At the June 28 Travis County Commissioners Court meeting, Austin health authorities warned residents need to take precautions following an uptick in COVID-19 cases and detection of the first presumed case of monkeypox.

The number of individuals requiring hospitalization due to COVID-19 has been slowly but steadily increasing since early June, according to Dr. Desmar Walkes, the city's medical director and health authority.

As of June 27, there are 97 COVID-19 patients in Austin-area hospitals. That is a 20% increase in hospitalizations from last week compared to 8% the week before and 6% from the week prior. The increases are likely due to omicron sublineages BA.4 and BA.5, which are easily spread, have a greater potential for breakthrough infections and affect lung health more than previous variants, said Walkes.

“[The variants] can produce long-lasting problems with lungs, heart, kidneys and other organ systems, '' Walkes said. “This is not benign.”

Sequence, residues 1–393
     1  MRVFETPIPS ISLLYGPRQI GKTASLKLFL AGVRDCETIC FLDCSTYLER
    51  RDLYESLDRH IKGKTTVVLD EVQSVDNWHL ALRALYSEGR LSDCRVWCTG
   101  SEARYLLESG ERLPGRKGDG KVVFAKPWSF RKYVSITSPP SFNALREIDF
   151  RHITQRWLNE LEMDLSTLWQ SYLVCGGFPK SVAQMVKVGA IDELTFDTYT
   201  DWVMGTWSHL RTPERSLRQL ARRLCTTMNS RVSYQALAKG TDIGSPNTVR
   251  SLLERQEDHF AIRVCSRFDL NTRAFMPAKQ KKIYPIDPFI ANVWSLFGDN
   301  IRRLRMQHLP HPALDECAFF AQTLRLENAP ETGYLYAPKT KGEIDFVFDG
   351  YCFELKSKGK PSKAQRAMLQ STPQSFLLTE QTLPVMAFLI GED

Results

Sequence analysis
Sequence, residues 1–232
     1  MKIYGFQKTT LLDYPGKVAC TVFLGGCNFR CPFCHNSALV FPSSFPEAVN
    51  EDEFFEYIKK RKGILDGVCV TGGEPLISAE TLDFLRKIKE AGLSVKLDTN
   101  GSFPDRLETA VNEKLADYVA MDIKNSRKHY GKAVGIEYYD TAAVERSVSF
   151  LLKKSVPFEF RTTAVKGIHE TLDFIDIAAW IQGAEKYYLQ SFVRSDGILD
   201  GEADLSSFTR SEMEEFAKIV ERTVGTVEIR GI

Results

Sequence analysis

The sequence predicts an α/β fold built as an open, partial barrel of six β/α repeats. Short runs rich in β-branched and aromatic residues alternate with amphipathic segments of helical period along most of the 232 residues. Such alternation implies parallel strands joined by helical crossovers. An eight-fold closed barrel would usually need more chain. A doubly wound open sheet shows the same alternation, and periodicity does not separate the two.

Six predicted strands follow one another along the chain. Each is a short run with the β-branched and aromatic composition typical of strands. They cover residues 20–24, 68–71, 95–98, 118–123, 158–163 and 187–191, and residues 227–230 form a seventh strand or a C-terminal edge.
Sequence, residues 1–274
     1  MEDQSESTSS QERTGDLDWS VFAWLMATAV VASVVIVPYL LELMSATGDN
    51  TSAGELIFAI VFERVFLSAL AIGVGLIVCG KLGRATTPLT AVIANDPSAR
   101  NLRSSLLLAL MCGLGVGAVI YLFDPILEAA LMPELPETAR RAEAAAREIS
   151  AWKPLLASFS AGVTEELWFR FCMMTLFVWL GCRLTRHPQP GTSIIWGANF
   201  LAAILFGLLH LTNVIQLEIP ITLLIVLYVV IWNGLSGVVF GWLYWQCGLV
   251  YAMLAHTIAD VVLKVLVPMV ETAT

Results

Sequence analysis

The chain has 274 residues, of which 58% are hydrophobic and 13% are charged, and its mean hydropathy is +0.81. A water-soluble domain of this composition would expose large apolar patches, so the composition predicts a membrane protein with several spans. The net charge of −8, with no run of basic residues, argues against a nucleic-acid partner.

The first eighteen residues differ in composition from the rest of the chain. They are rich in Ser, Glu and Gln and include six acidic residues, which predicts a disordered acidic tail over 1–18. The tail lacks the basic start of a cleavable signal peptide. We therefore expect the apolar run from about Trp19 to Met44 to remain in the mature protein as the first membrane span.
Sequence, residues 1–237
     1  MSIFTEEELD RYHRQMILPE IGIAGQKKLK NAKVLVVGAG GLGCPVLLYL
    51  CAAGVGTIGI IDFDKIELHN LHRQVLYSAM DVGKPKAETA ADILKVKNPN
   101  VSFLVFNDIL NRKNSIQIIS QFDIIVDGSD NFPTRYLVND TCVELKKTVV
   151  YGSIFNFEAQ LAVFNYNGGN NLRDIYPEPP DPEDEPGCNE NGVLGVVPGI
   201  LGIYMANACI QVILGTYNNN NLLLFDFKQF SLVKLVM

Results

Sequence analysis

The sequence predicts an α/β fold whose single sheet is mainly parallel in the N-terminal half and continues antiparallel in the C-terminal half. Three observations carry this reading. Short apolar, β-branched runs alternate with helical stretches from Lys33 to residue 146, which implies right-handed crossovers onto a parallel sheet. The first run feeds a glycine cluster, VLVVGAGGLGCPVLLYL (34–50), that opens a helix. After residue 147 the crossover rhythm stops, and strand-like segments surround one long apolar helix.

Among patients hospitalized for COVID-19 in the Austin area, 30% are vaccinated. Half the patients are hospitalized primarily due to COVID-19, and the other half are patients with a separate diagnosis that was complicated due to COVID-19, according to Walkes.

Though reports show a rise in COVID-19 infections, the exact number of cases is skewed due to the prevalence of at-home tests, according to Walkes.

Despite a growing number of COVID-19 breakthrough cases and reinfections, Walkes said Austin Public Health is continuing to recommend vaccines as they provide protection from serious illness, hospitalization and death.

Austin Public Health recommended in a press release to keep Fourth of July celebrations outdoors and to stay home when sick, even if you think it is “just allergies.”


APH has been monitoring monkeypox cases since the beginning of June and has one presumptive case that it is waiting to be confirmed by the Centers for Disease Control and Prevention. There are seven confirmed cases in Texas as of June 28.

Monkeypox is spread by close skin contact and secretions passed from touching, kissing or talking closely. It can also be spread by sharing items such as towels or toys. Treatment is available through state health services and CDC, according to APH Director Adrienne Sturrup.

“Stay aware and seek care,” said Sturrup. “Continue the best hygiene practices that we know work.”